Establishing Remote Data Center Assessment Standards

Saree Costa, Senior Consultant, Payments Assurance, Coalfire

COVID-19-Inspired Guidelines and Trial Run Tips

For the foreseeable future, the COVID-19 crisis has changed the very nature of on-site cybersecurity compliance assessments and testing. Leading the way, the Payment Card Industry Security Standards Council (PCI SSC) quickly recognized that its requirements for physical, on-site data center assessments needed rapid modification due to travel restrictions and health concerns. Though assessors may be temporarily prevented from testing on location, data center security is essential and must continue.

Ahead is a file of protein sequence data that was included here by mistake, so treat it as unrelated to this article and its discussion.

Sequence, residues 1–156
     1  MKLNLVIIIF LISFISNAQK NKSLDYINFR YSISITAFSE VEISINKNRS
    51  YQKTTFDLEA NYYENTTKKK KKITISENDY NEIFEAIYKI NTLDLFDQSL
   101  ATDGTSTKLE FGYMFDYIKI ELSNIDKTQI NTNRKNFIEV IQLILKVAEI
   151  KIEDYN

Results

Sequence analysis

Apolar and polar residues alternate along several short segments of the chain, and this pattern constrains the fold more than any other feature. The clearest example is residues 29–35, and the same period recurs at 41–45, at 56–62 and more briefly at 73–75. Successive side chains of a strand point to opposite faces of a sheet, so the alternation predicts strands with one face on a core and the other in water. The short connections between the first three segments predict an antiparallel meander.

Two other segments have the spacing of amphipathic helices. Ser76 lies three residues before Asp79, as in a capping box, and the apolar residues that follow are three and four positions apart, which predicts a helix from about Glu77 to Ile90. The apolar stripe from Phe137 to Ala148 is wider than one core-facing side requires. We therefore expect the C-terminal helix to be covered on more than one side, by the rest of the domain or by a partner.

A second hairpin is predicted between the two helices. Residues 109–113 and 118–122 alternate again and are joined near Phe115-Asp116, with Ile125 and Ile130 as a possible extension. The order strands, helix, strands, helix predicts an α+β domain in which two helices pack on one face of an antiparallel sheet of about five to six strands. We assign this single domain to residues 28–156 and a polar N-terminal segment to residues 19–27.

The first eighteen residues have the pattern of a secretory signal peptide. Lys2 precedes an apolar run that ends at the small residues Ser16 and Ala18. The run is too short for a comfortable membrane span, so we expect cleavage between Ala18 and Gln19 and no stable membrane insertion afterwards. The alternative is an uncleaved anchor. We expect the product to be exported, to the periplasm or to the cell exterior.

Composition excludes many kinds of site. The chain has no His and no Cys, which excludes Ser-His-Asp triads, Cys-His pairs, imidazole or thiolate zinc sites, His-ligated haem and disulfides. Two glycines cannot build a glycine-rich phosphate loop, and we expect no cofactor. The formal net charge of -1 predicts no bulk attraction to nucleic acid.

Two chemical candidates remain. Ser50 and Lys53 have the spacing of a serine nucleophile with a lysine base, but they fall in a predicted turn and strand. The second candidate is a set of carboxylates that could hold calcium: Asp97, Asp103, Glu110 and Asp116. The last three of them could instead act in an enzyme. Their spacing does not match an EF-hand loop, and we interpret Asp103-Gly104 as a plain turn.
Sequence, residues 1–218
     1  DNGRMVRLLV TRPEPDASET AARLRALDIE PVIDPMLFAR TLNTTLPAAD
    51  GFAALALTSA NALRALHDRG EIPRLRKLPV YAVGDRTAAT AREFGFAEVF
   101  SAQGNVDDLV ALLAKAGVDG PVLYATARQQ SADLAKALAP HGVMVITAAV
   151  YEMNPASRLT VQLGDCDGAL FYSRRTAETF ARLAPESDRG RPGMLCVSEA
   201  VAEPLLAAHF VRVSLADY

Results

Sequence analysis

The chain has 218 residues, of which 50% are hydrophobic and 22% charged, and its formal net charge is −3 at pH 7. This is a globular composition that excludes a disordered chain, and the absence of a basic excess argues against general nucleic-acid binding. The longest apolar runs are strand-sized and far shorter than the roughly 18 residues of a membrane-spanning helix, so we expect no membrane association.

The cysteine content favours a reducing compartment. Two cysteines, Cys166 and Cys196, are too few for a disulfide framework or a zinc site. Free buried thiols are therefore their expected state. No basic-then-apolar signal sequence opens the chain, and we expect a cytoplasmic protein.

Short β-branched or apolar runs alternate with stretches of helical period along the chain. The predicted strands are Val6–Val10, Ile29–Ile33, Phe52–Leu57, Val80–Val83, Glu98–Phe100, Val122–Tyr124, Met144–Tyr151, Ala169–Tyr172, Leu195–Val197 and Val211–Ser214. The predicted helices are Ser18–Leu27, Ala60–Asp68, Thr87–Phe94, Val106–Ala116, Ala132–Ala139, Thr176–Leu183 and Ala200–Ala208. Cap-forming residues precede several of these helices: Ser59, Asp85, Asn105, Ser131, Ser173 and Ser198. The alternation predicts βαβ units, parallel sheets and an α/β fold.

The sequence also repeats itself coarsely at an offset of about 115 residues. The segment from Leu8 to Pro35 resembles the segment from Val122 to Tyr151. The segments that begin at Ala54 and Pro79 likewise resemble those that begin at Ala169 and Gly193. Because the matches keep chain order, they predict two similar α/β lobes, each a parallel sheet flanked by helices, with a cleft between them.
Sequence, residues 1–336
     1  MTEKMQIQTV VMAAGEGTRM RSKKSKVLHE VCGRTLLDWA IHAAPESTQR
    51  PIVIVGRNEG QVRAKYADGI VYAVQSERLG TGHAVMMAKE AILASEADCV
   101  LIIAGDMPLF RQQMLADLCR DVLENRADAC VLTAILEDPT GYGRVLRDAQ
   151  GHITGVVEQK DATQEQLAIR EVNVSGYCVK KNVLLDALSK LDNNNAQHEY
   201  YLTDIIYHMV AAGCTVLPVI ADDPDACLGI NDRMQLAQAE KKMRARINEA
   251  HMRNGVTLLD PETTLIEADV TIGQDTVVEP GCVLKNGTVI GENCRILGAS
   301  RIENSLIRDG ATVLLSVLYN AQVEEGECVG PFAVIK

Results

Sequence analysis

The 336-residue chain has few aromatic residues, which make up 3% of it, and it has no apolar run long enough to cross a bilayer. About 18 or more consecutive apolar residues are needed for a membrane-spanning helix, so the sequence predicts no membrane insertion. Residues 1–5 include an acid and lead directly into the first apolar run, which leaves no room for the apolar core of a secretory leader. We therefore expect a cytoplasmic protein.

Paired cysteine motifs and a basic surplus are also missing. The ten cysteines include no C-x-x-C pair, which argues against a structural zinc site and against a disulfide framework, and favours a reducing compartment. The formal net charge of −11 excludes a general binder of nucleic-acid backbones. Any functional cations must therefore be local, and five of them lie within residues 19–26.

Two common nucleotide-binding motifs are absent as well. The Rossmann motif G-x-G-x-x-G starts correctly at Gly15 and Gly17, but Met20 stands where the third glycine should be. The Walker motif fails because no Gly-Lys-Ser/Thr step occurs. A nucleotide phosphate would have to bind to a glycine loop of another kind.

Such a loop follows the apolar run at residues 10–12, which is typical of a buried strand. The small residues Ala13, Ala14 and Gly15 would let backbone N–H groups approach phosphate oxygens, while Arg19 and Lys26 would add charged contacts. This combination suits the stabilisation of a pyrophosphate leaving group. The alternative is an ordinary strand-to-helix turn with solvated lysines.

With this “new normal,” data center managers and assessors are advised to review PCI SSC’s COVID-19 remote assessments guidance. The Coalfire Payments Assurance team is following the PCI lead, and with recent client engagements, has been developing our own best-practice templates to ensure cybersecurity integrity through these exceptional circumstances. The situation is fluid, and new remote assurance protocols and expectations will certainly arise out of this public emergency.

Though every engagement will have custom requirements, here are some general observations and intel from our team on preparing for and conducting remote data center security reviews. These tips are general enough to apply to enterprise data centers in other segments as well such as retail, healthcare, call centers, and government: